The world is my country, all mankind are my brethren, and to do good is my religion. - Thomas Paine
RFE/RL Daily Report

No. 138, 22 July 1993







RUSSIA



PARLIAMENT STEPS UP ATTACKS ON PRIVATIZATION PROGRAM. On 21 July,
parliament adopted a resolution that transferred the rights to
privatize property from the State Property Committee (GKI) to
the government, which may then share them amongst ministries
and departments, ITAR-TASS reported. Deputy Prime Minister Anatolii
Chubais later told Ostankino TV that he had discussed the parliament's
move with the president and prime minister and that "necessary
decisions will be adopted"-without elaborating. If allowed to
stand, the measure could presumably result in the GKI being backstaged
to the technical implementation of a privatization program that
would be slowed or halted by bureaucratic inertia and/or infighting.
-Keith Bush

RUTSKOI REBELLING. The presidential apparatus has received evidence
that Vice President Aleksandr Rutskoi, during his trip to Amur
oblast, called for civil disobedience and for the withholding
of federal tax payments, Russian TV "Vesti" reported on 21 July.
Rutskoi reportedly said in public that he expects popular uprisings
to occur throughout the country, and that this will result in
the ouster of President Boris Yeltsin and the installment of
Rutskoi in his place. He also expects members of the democratic
government to be toppled. He stated that no-one is currently
governing Russia because Yeltsin, who is currently on vacation,
never authorizes anyone to deputize in his absence. The Yeltsin
administration now wants the Constitutional Court to rule on
Rutskoi's remarks. Rutskoi also expressed support for greater
regional autonomy, claiming that the federal government should
be responsible only for defense, communications, the energy complex
and law enforcement organs. -Alexander Rahr

AMUR OBLAST DECLARES ITSELF REPUBLIC. Amur Oblast in the Soviet
Far East is the latest oblast to declare itself a republic. The
oblast soviet took this step on 21-July, CIS television reported.
Five other territories (Vologda Oblast, Sverdlovsk oblast, Kaliningrad
oblast, Primorsky krai, and St. Petersburg) have recently requested
or proclaimed republic status, and Khabarovsk krai is considering
doing so. Their actions have been condemned by the federal authorities
who say that they could complicate the adoption of the new constitution.
-Ann Sheehy

PROJECTED BUDGET DEFICIT SOARS. Seven months into the budget
year, parliament continues to debate amendments to the 1993 budget.
The latest projection of this year's budget deficit was given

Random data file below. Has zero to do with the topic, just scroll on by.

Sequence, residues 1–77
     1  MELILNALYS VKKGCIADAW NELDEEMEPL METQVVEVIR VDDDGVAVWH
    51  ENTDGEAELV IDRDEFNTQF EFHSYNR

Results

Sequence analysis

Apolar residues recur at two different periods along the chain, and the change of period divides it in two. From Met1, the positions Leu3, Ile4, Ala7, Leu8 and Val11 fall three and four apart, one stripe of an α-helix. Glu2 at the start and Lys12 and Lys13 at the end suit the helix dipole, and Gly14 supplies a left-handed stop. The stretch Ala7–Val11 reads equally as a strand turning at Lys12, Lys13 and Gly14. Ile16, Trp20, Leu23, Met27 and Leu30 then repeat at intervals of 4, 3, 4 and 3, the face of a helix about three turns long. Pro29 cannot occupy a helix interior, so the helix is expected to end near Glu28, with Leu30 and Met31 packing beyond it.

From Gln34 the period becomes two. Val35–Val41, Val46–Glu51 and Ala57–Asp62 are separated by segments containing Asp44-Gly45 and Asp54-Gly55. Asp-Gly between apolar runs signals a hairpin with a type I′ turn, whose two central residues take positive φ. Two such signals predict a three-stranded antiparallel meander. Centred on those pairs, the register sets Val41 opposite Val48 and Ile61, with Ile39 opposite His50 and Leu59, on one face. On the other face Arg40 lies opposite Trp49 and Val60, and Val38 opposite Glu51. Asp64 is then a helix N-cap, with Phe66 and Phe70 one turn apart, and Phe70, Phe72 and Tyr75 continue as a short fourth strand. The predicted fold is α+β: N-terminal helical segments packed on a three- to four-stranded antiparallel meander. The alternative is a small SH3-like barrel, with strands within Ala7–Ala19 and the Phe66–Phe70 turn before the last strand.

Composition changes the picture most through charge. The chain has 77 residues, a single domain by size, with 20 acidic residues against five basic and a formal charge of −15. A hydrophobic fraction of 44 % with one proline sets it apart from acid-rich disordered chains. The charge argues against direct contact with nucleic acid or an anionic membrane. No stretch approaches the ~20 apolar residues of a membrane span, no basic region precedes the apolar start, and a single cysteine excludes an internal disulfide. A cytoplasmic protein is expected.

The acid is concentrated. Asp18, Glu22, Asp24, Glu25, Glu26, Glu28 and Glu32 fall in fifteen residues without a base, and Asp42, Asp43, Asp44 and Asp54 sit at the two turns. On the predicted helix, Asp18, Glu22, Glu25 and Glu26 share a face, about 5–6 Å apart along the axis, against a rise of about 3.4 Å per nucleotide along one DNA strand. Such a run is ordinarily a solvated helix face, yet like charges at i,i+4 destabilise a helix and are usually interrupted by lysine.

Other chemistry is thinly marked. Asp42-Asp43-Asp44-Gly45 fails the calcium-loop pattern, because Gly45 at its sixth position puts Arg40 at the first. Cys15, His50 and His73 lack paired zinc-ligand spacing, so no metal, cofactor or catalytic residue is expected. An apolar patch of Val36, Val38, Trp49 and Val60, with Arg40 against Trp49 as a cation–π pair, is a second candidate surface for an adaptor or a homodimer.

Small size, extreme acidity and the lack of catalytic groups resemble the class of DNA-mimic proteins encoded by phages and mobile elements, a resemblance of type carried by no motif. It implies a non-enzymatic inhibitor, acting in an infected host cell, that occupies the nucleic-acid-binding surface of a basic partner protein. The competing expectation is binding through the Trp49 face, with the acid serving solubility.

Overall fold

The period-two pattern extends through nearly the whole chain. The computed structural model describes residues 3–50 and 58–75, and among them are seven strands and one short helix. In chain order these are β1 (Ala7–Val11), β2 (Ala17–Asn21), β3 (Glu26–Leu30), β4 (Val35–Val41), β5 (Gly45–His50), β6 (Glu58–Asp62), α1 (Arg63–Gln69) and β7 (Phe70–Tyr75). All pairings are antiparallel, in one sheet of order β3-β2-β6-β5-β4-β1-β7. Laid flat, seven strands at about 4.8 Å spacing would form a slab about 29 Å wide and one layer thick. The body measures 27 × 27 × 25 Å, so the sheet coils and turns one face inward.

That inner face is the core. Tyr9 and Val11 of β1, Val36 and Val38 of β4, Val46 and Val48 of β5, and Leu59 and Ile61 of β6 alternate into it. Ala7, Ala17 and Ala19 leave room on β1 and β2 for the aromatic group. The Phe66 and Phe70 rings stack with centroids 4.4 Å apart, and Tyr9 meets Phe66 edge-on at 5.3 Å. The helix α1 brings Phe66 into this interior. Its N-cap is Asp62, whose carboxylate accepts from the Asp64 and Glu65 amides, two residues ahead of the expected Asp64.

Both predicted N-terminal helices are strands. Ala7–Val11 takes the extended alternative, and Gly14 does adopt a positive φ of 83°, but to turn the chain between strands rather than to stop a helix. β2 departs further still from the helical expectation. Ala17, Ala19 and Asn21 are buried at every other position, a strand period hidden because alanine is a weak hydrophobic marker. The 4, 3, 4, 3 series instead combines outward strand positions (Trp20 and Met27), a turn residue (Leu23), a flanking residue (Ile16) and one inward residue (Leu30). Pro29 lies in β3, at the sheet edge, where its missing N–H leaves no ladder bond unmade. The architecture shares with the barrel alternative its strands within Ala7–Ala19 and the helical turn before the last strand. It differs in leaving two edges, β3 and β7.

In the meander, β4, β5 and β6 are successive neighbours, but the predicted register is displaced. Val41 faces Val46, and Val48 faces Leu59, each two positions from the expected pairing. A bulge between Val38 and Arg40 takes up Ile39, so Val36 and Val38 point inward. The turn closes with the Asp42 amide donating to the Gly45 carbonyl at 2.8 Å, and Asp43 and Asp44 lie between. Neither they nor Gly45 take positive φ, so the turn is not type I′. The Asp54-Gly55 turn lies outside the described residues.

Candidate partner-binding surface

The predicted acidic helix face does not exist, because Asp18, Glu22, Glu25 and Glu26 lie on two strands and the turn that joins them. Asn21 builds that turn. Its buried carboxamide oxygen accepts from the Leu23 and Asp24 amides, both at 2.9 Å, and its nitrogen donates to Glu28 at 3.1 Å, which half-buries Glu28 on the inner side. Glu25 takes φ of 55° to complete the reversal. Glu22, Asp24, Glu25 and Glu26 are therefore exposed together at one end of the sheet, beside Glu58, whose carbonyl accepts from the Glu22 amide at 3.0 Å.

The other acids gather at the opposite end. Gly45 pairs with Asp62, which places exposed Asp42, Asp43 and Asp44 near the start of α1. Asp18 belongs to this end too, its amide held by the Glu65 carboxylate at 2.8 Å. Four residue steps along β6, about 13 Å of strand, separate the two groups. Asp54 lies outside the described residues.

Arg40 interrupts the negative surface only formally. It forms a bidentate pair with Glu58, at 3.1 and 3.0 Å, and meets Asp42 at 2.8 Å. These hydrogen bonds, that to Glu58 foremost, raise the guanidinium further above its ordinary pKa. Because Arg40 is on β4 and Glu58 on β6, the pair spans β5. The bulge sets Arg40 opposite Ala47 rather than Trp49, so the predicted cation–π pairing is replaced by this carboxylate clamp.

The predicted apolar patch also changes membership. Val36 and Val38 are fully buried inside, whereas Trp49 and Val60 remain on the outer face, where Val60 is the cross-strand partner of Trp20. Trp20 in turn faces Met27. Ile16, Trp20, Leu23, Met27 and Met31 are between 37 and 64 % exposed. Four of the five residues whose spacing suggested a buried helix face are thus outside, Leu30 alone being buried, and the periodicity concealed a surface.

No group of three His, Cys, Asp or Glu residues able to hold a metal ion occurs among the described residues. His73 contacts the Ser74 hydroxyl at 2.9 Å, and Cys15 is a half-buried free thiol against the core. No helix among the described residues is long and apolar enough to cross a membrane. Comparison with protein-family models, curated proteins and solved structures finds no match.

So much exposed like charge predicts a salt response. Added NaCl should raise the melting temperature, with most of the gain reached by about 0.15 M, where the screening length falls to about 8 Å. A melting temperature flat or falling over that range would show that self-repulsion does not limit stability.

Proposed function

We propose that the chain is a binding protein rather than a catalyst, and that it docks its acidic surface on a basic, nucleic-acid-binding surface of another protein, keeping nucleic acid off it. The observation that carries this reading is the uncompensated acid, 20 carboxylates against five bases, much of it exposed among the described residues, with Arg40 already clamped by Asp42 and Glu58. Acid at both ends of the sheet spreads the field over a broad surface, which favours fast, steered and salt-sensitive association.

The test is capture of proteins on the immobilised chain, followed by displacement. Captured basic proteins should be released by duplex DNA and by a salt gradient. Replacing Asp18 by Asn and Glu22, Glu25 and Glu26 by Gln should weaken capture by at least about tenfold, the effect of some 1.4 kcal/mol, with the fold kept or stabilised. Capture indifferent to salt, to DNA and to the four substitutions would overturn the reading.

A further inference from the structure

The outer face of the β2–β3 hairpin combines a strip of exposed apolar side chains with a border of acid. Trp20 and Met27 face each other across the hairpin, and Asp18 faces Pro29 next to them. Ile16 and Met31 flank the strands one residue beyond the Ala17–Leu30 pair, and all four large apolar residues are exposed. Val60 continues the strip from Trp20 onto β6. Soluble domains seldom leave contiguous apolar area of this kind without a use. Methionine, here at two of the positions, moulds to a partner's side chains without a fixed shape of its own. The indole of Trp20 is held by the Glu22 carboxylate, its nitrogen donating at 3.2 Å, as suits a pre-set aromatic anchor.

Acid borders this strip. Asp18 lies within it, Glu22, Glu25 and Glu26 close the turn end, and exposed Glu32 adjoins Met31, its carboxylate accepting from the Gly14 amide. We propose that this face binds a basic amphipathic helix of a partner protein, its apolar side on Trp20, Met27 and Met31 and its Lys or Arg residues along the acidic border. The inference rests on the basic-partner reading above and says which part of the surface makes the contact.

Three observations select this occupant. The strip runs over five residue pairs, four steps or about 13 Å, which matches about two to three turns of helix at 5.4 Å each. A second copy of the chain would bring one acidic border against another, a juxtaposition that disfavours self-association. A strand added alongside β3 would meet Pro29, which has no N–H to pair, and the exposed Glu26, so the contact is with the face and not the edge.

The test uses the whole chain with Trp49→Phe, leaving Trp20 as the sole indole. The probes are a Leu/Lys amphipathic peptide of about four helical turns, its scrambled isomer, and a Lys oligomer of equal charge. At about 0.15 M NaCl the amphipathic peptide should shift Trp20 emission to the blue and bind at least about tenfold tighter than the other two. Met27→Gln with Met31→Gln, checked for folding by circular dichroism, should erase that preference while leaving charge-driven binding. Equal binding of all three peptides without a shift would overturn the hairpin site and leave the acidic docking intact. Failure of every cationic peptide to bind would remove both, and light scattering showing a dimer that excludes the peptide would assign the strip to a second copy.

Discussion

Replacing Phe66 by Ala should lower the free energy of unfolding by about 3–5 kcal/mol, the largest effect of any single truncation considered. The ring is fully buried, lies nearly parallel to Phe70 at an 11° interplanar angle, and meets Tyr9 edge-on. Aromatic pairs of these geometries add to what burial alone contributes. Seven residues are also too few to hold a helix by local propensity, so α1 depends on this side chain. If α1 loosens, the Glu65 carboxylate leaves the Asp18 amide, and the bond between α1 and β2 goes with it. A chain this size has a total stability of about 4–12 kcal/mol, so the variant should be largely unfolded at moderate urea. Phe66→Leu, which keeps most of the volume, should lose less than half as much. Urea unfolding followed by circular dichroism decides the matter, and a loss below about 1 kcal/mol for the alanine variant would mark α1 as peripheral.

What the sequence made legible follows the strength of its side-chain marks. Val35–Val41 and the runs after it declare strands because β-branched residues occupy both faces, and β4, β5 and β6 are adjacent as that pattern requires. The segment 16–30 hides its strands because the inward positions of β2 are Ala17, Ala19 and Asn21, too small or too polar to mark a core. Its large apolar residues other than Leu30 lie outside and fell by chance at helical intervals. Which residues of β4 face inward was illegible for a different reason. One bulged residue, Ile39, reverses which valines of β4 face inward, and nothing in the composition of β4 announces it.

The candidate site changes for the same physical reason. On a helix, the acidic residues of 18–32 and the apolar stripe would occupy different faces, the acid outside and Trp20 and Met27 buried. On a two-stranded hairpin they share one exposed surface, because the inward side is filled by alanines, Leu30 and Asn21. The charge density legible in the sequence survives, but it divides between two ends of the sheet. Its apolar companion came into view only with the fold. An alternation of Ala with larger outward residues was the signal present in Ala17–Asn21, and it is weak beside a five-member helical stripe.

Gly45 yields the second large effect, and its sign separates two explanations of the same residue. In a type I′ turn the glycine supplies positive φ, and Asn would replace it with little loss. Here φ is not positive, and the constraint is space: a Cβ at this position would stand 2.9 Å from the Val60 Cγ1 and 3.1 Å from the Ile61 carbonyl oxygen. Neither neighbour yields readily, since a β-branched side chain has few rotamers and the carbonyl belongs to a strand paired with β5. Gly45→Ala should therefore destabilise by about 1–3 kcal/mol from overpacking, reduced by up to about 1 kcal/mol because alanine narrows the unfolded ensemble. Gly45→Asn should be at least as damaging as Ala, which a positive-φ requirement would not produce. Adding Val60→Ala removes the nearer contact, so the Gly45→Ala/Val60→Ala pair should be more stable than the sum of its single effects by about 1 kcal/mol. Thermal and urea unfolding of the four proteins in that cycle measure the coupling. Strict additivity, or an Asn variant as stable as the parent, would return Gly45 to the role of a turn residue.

on 19 July by a deputy finance minister. In an interview with
Ostankino TV, he put it at more than 25 trillion rubles, or about
one quarter of GNP. (The Russian government has undertaken to
reduce its budget deficit to less than 10% of GDP by December
1993). -Keith Bush

ARMS EXPORTS IN 1992. The value of Russian arms exports to the
Third World in 1992 dropped to $1.3-billion, according to a Congressional
Research Service study, quoted by the International Herald Tribune
on 21-July. This estimated total is even lower than those given
in gloomy Russian pronouncements, which have attributed the decline
in a major export category to the general disintegration of the
Russian economy, adherence to international embargoes, concern
among potential customers over servicing and spares, the poor
showing of Russian arms in the Gulf War, and intense competition
on the world arms market. -Keith Bush

STORM ERUPTS IN PARLIAMENT OVER ROCKET DEAL. Parliamentarians
on 21 July denounced the government's recent decision to cancel
a rocket deal with India and moved to block the action by issuing
a resolution that would require parliamentary approval for any
Russian involvement in the Missile Technology Control Regime
(MTCR). Reuters and AFP reported that parliamentary chairman
Ruslan Khasbulatov had labeled cancellation of the sale a "national
disgrace" and had criticized President Yeltsin for reneging on
a pledge to New Delhi that he said had been made by both leaders
during visits to India earlier this year. Addressing the parliamentary
committee on International Affairs and Foreign Relations, a leader
of the Russian space agency Glavkosmos, Aleksandr Dunaev, charged
that the Foreign Ministry had exceeded its authority in nixing
the deal during negotiations in Washington, and said that Glavkosmos
would proceed with shipments to India, including technology transfers,
under the terms of the original contract. The outcry demonstrated
that debate over the rocket deal would not escape the politicization
that has already plagued a number of foreign policy issues. -Stephen
Foye

URALS DEFENSE INDUSTRY WORKERS GIVE STRIKE WARNING. Trade Union
representatives of defense industry workers in the Urals region
met in Perm on 20 July, according to ITAR-TASS on 21 July. The
unions criticized the economic policy of the president and government,
and claimed that non-fulfillment of the law on conversion, as
well as of general and branch tariff agreements, was threatening
the whole defense industry. There is no state "military doctrine"
or arms program, and this has contributed to the breakdown in
intra-branch links. The closure of the branch's scientific-research
institutes means that there are less facilities available for
the development of new technologies to assist the conversion
process. It was decided to hold a one-hour warning strike on
29 July. -Sheila Marnie

RUSSIAN PARLIAMENT APPROVES LAND LEGISLATION. Parliament has
approved the "Fundamentals of Land Legislation", according to